“As a will, bequeathed for future generations, great is the work and the concern that man wrapped up his inheritance, the estate that he received from nature.” Thus one of the first Sabras, Avshalom Feinberg, described his impressions in 1914, while traveling in the north of Israel. “The en-tire way, the Druze and the Christians (especially the Druze) show the requisite virtues to be our teachers, teach us the practical art of loving our land (an art that exists with us, unfortunately, as only a theoretical sprout).”[43]

Familiarity with the land of Israel and its natural wonders was not col-ored by political affiliation; it was considered a virtue by Zionists from all backgrounds. Declared a compulsory topic in 1923 by the Yishuv's central committee, a series of Hebrew Muledet textbooks were printed in Hebrew in the 1920s and 1930s.[44] Teaching nature studies became a particularly prestigious area of instruction. Azariah Alon, one of Israel's most eminent conservation leaders for fifty years, ascribes much of his success in lobbying government ministers and politicians to his prestigious status as a teacher of nature at Kibbutz Beit ha-Shita in the Harod Valley.[45]

When Alon reflects on the origins of his own environmental con-sciousness, roaming freely as a child at Kibbutz Kfar Yehezkel in the 1920s, it almost conjures up a Rousseau-like state of nature.[46] Physical proxim-ity to nature was then supported by classroom theory and later supple-mented by extensive field trips, or tiyulim, at every stage.[47] This focus, particularly during the early grades, continues to this day, leading to the common Israeli phenomenon of immigrant parents learning not only Hebrew grammar but the names of plants, birds, and insects from their children when they return from kindergarten.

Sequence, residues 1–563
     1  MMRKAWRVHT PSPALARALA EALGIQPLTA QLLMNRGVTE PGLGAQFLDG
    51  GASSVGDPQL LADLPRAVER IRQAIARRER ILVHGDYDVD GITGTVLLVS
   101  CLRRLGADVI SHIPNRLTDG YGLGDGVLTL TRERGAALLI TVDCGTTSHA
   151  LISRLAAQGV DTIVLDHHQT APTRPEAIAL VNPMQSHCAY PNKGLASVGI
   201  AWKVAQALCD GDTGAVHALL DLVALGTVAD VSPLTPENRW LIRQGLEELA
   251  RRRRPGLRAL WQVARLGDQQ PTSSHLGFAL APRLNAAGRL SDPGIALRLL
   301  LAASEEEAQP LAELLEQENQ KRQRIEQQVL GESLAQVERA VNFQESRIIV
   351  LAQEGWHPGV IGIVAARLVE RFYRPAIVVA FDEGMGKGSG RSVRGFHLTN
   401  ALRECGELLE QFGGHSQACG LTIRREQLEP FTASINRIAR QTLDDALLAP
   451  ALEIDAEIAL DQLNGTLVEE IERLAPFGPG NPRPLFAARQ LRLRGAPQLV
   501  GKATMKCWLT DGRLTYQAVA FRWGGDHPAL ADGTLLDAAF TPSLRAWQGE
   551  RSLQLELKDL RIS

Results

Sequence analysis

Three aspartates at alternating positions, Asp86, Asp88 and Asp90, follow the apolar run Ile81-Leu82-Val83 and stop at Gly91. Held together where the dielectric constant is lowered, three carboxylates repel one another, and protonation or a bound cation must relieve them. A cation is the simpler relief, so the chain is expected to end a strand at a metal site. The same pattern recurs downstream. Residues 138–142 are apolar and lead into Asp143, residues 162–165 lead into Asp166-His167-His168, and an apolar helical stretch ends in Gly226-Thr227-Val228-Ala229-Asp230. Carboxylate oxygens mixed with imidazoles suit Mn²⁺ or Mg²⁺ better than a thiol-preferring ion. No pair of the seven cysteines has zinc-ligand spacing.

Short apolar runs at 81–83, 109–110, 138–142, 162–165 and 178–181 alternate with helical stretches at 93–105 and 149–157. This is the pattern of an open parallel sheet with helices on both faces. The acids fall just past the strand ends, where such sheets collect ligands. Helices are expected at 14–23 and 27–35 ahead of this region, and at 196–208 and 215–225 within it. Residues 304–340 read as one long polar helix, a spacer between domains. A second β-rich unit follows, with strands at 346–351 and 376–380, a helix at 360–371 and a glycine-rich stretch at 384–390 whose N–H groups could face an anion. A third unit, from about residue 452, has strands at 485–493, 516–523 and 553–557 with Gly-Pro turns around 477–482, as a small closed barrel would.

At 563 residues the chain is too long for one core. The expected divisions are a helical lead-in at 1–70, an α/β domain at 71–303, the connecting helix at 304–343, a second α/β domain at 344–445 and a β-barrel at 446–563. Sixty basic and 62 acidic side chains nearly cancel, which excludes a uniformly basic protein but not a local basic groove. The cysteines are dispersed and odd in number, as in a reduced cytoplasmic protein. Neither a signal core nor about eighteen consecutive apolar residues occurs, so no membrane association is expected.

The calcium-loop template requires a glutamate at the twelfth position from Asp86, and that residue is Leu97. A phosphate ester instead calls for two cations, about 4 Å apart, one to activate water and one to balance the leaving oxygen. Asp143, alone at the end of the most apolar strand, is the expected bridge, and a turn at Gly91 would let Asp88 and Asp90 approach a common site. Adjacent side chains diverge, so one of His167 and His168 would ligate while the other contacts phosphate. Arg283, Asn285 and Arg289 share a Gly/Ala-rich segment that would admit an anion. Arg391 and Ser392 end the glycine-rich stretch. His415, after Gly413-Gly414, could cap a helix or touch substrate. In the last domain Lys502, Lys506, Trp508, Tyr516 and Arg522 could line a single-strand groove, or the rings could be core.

The initial meeting between children of the Yishuv and nature was broadened geographically and elevated to even greater prestige within the youth-movement culture that was such an essential part of the children's socialization experience. Even today, much of the appeal of Israeli youth movements for the hundreds of thousands of participating adolescents is the opportunity to leave the confining framework of the city and enjoy the freedom that nature imparts. With vacations spent backpacking or at work camps on kibbutzim, the idealization of nonurban natural living became a

key component of the psychological makeup of many adolescents. It helps explain the well-known Israeli obsession for hiking and international travel.

This mixing of natural and national impulses before the establishment of the State reached a peak in the training of the secret Haganah militia, es-pecially in the elite Palmach units, where field skills had particular utility.[48] The intense Romantic idealization of nature produced a culture that sociol-ogist Oz Almog defines as “pantheistic,” with reverence for nature serving as nothing less than a secular religion. These values are reflected in the eu-logies to the fallen fighters of the period, where sensitivity and competence about the natural world were the grounds for the highest praise. Almog quotes a number of these memorial books whose tributes are both moving and distinctively nonmilitaristic. “More than all of us, Moshe was a child of nature, in the deepest meaning of the word. Powerful senses that felt the soul of nature and its most subtle movements. Deep love and connection to plant, to bird, to stone, to the landscape, to the land.”[49] Immigrant pioneers did not honor their dead friends with such accolades.

Reclaiming a Homeland

Preferred Citation: Tal, Alon. Pollution in a Promised Land: An Environmental History of Israel. Berkeley, Calif:  University of California Press,  c2002 2002.